It was a dark 4th of July on 1945 for Frank Godfrey, a man fighting on his country’s Independence Day while on the other side of the world. The night was empty of the fireworks that he grew up with as a boy, but there was still smoke and the faint sounds of artillery in the distance to keep him at attention as he began his patrol near the city of Marbel (now known as Koronadal) in The Philippines.
By this time, Godfrey had already served for three years in the U.S. Army, joining within a year after the attack on Pearl Harbor. While there were many reasons why Americans enlisted during World War II, this infamous attack on American soil that led to the loss of more than 2,000 lives was certainly a prominent motivator during that time. And that was no different for Frank, a man dedicated to protecting his family and country.
After going through basic training in San Diego, Godfrey served throughout the Pacific as a mechanic and truck driver, starting in New Guinea and finding himself in The Philippines by 1945. And while his service would end in that country with victory in September, he had no way of knowing as he made that July patrol that would change his life.
The first hour was relatively quiet on the four-kilometer (~2.5 mile) course along a major and contested highway, but soon his unit came under enemy fire when they approached an intersection at the end of the route. Godfrey held off the enemy while the rest of his men took defensive positions, and there were several intense minutes of fire and return fire. One of his patrol members became injured and fell into the road, losing his defensive position. Immediately, Godfrey ran out to the wounded man, along with two other men from the patrol. After keeping him comfortable and protected while a tourniquet was applied, Godfrey then dragged the soldier off the road and carried him back to their outpost.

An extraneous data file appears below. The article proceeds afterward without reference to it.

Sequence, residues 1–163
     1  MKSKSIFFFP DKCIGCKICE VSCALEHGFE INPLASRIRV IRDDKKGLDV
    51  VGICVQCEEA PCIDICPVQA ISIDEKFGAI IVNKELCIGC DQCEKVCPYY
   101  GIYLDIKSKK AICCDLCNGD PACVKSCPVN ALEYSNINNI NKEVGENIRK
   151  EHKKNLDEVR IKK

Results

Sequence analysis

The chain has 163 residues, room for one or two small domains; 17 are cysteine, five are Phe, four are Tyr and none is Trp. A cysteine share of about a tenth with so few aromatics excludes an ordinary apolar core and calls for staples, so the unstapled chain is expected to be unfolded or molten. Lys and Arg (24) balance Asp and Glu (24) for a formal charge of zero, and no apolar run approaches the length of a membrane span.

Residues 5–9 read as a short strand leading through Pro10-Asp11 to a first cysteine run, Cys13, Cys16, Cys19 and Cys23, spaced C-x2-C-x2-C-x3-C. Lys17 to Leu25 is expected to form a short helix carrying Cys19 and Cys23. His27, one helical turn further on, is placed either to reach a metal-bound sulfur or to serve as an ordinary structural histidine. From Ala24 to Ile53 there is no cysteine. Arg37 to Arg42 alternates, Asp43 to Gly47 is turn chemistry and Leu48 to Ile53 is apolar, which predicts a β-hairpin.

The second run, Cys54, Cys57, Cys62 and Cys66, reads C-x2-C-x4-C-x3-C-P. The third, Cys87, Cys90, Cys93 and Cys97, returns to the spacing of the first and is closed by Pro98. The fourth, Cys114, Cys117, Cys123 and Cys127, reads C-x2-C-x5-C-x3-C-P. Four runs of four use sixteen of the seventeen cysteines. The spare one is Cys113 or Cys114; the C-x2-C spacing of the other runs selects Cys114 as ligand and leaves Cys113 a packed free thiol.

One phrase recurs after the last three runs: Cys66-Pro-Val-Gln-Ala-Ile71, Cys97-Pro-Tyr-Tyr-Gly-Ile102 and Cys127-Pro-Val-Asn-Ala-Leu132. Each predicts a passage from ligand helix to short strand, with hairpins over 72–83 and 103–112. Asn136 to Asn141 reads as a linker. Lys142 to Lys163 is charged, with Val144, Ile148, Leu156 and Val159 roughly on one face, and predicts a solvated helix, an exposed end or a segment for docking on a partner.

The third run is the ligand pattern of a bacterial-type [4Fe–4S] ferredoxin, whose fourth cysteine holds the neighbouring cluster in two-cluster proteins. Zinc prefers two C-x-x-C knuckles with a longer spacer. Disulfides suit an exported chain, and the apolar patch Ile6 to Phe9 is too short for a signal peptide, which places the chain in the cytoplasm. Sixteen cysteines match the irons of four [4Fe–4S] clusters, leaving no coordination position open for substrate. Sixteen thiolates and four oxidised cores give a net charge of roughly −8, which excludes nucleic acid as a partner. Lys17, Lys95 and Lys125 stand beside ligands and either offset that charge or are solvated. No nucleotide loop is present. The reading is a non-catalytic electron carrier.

For his bravery in protecting his fellow American and carrying him for miles to safety, Godfrey was awarded the Bronze Star in August 1945. This prestigious medal can only be earned by those who perform truly heroic acts of service and was one of his most treasured possessions. His wife, Alice, had also saved a story from the hometown paper outlining his bravery and made sure that the article and the medal were always kept together.
Award of the Bronze Star Medal. Published in The Syracuse Post-Standard. 18 Aug. 1945.
“The courage of Private First Class Godfrey as displayed in his attacking a greatly superior numbered force, and his gallantry in recovering the wounded man is indicative of his high sense of aggressiveness, honor, and loyalty to his fellowman.”
Godfrey was quiet when it came to his time in the military, leaning towards humility when asked about his service. But from his return in 1945 at the end of the war to his death in 2002, his wife made sure to keep his medals and ribbons always prominently displayed in a hutch at home, along with photographs and other mementoes of his time in the Pacific.
His daughter, Sharon, has kept his history alive, keeping track of his service through postcards, photos, and official military documents saved over the years. “I never knew anything [about his service] until after he had passed away. Once my mom shared his stories with me, it just made me so proud of him. I wish I had known before so I could have told him.” And now, nearly 20 years later, his family still honors his memories, raising their flags on the 4th of July for his service and bravery on that dark night.